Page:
Rescued sea turtles released in Jacksonville

By Crystal Moyer, Morning assignment desk, backup traffic reporter, cmoyer@wjxt.com
Published On: Apr 22 2014 05:44:54 AM EDT
Updated On: Apr 22 2014 06:05:48 PM EDT

First, Amelia Island: now Little Talbot Island. The north Florida surf has become a new home for another group of endangered and threatened sea turtles. It's the perfect event for Earth Day.

JACKSONVILLE, Fla. -

In celebration of Earth Day, New England Aquarium staff and volunteers released dozens of sea turtles in Jacksonville on Tuesday.

These sea turtles are mostly juveniles, including 28 Kemp’s Ridleys, the world’s most endangered sea turtle, two loggerheads and one green.

They all washed up last November and December in the Cape Cod Bay in Massachusetts, according to the New England Aquarium staff. The waterway has land on three sides and an exit only to the north.

The waterway makes it difficult for the young turtles to navigation, and they slowly become hypothermic as water temperatures drop throughout the year.

Staff and volunteers from the Massachusetts Audubon Wellfleet Bay Wildlife Sanctuary rescue the endangered turtles. They are then transported to the New England Aquarium’s sea turtle hospital in Quincy, Mass., where they are slowly rewarmed over several days and then treated for several months for malnourishment, dehydration, pneumonia and other blood and organ disorders that are a result of their time in frigid water.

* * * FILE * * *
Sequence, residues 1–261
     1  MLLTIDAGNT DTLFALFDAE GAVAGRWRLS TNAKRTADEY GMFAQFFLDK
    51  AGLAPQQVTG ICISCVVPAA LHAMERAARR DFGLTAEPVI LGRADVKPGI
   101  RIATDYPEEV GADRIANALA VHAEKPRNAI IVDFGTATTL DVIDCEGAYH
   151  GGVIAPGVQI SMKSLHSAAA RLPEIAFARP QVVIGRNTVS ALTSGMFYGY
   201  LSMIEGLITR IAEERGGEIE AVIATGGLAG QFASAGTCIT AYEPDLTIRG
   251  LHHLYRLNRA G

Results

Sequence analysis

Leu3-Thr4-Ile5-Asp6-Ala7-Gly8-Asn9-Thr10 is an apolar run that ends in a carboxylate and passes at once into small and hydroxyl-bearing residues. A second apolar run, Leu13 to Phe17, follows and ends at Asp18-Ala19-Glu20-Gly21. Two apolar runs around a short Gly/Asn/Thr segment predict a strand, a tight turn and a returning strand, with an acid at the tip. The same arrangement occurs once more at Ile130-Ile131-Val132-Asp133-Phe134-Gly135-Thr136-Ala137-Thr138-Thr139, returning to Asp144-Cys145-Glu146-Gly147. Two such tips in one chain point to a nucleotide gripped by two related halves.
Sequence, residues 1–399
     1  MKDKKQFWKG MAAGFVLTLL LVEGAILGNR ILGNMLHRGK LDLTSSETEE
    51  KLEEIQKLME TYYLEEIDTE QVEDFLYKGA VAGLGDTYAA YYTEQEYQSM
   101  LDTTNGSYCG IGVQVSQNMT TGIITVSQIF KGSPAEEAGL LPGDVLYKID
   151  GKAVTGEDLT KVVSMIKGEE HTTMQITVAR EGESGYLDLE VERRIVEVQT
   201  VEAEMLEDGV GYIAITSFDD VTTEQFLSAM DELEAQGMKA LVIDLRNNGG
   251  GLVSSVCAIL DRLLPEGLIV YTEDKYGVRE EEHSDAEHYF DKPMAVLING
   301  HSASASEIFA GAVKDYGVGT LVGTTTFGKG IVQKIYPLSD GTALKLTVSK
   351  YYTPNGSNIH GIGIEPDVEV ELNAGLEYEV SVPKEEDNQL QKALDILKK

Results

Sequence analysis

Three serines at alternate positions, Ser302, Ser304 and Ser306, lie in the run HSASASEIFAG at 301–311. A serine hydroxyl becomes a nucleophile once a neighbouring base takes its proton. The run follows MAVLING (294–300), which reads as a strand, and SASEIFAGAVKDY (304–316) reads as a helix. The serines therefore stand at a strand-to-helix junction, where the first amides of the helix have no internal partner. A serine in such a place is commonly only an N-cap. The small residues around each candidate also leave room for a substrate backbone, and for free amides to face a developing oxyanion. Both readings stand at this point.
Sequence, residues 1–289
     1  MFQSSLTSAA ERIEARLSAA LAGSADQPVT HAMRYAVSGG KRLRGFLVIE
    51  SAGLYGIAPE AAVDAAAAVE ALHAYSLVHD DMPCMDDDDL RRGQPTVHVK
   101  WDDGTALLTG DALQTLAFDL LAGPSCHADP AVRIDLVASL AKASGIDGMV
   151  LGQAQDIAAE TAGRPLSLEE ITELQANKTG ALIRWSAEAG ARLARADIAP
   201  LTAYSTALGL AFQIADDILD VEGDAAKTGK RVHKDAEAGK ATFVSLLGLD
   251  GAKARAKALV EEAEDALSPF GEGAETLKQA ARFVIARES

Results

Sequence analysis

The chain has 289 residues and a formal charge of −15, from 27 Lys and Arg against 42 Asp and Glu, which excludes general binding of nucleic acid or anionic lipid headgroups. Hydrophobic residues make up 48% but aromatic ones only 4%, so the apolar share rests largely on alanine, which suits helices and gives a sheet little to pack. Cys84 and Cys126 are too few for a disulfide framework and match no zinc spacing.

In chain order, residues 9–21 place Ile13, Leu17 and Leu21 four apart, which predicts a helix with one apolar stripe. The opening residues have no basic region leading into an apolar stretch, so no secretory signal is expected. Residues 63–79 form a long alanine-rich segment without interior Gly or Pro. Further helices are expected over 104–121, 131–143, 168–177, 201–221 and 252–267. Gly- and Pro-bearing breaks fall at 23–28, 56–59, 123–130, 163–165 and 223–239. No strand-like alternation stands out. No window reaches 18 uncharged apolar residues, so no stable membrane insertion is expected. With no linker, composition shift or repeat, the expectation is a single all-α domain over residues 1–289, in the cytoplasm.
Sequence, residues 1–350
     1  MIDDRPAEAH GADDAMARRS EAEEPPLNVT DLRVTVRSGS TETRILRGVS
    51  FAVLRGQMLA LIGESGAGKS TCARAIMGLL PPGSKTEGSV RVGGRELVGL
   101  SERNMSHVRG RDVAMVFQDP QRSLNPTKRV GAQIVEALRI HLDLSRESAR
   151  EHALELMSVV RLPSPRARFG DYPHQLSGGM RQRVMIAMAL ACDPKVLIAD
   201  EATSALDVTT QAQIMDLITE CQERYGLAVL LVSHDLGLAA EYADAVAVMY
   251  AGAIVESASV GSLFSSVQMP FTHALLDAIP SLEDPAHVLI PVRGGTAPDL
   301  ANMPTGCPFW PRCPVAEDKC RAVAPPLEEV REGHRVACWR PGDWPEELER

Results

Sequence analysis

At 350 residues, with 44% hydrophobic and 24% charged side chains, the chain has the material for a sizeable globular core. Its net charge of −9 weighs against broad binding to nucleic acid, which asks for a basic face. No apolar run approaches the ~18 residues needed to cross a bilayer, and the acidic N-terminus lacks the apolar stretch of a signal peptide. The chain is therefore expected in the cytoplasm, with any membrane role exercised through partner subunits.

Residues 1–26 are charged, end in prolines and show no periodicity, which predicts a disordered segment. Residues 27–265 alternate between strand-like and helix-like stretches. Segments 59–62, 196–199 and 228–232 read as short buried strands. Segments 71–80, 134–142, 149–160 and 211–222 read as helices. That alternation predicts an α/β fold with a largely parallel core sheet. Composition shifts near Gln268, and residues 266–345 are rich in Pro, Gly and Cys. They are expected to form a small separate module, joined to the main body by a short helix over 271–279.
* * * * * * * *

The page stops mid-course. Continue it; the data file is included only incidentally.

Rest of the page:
The sea turtles were transported from Boston in a 24-hour drive and were released into the warm Florida surf at Little Talbot Island State Park in Jacksonville. About 100 people gathered to watch.

"This is unreal. It's been really awesome to see something like this," Chris Weaver said.

"The energy level you see here today is far different from what you see when they come in the first few weeks," said Connie Merigo, director of rescue for the New England Aquarium.

Since 1990, the aquarium has treated and released more than 1,000 endangered and threatened sea turtles.

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